I stopped this past week for a second when I heard someone in a public place say “That Tim, what a character!” I was intrigued to find out if Tim was the sort of character who did crazy things and kept everyone guessing about what his next move would be. It got me to thinking about how people talk about character often like it’s only conversation-worthy if someone is provocative and outrageous. Why don’t we spend as much time talking about people whose character is fantastic in less outrageous ways?
I’ve noticed that talent counts for a lot in our Western society. As a culture, we tend to exalt and revere people who can kick a ball in a net, who can run like the wind, who can sing like a bird, or who can portray humans on stage or film. We follow every move of our superstars and hound them relentlessly to glean pictures and details of their lives for our tabloids and websites. We spend our hard-earned dollars to watch them perform, to cheer while they play, and to listen to their music, etc. We celebrate their talent as they ascend the ladder of success. And we keep cheering them until they reach the pinnacle of their fame and fortune.
Once they have reached the top of the heap, we sometimes find that while their talents are extraordinary and plentiful, they are not matched by an equal measure of character. When we find out that they are violent, or have addictions, or suffer from a lack of honesty and integrity, we watch them descend back into the sea of those who are not famous and wealthy. It’s a truth about our society that you can get to the top on talent.
Once having arrived, many of the famous find that they cannot stand up to the intense scrutiny when the tabloids and websites dig into their habits and character. Their poor choices in their private lives or business dealings gain attention, and our adoration leaves them as quickly as it found and propelled them from obscurity to fame. The biggest truth about our culture seems to be that talent can get you to the top of your profession, but if you wish to stay near the top for long, you will need character to keep you there.
Think about how many popular musicians, actors, and sports stars have risen to the top only to become an embarrassment once the lens of the paparazzi becomes focused on their every move. I won’t attempt to name them because it would take too long. We all know of dozens of examples, and the names aren’t important. So, what does it take to stay on top? What are the character traits that help us to continue to perform at a high level when our talent has helped us ascend the ladder?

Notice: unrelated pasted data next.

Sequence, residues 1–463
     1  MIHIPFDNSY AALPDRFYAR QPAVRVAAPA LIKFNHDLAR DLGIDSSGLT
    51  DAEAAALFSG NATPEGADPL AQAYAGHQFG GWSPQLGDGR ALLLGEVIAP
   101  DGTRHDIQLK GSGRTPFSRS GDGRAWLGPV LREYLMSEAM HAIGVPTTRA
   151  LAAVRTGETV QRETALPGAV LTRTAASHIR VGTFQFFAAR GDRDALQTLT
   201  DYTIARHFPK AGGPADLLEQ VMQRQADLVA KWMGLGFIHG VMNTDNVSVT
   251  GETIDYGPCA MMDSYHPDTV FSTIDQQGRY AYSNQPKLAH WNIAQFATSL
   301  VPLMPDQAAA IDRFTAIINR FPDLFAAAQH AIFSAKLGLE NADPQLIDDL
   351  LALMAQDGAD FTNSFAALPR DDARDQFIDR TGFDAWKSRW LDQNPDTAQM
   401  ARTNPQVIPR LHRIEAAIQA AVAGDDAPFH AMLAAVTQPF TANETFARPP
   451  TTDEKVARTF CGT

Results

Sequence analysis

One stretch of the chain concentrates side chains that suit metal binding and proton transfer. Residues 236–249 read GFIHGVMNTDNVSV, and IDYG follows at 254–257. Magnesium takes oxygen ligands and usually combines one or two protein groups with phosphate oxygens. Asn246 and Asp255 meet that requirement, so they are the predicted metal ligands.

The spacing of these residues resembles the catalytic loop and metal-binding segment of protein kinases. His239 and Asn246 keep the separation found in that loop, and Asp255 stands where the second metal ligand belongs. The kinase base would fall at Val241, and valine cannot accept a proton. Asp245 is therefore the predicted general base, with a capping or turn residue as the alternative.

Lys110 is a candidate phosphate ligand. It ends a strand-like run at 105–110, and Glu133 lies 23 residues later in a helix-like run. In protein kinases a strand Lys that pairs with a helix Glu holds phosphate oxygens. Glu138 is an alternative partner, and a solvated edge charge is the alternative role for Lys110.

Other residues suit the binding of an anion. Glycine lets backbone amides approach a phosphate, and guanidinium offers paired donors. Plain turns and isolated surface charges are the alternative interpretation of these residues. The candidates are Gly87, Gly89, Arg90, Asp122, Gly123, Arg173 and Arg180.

Here are some likely character traits that will have people saying YOU are a person of character:
That list of 20 just rolled out of my head as I was sitting here drinking my Sunday morning coffee. I’ve been thinking a lot about character recently, as I’m charged with helping a lot of young professionals to become amazing leaders and managers for companies. At some point, in every journey, my emerging leaders and their coach have a good conversation about character.
We talk about what it is, how important it is, how you can develop more of it, what the impact of high moral character looks like, and many other related topics. A fantastic conversation every time, and one that leaves us both changed and better for the experience. Character is powerful stuff! When we see it, we can recognize immediately, a person of strong character. Sadly, we are able to spot just as easily, a person whose character is in need of an upgrade.
What about you? What does your character look like? Do you think about your character? Do you suspect that others are thinking about your character? Does it matter? What does your list of character traits look like? What SHOULD it look like?
I would love to hear your thoughts on my list of important character traits, and would love to hear about YOURS! Leave a comment to this article with your reactions to my list and post your own list of the top character traits. Do you believe that living with character is essential?
Michael is a business coach in the Twin Cities and works with Business Owners, CEOs, their leadership teams, and emerging leaders. If you’d like to receive Michael’s Best Practices document on Developing Character, leave an insightful comment to this article, and send an email to firstname.lastname@example.org. Also, you might want to check out Michael’s YouTube channel, where you can subscribe to receive Michael’s great videos on business excellence.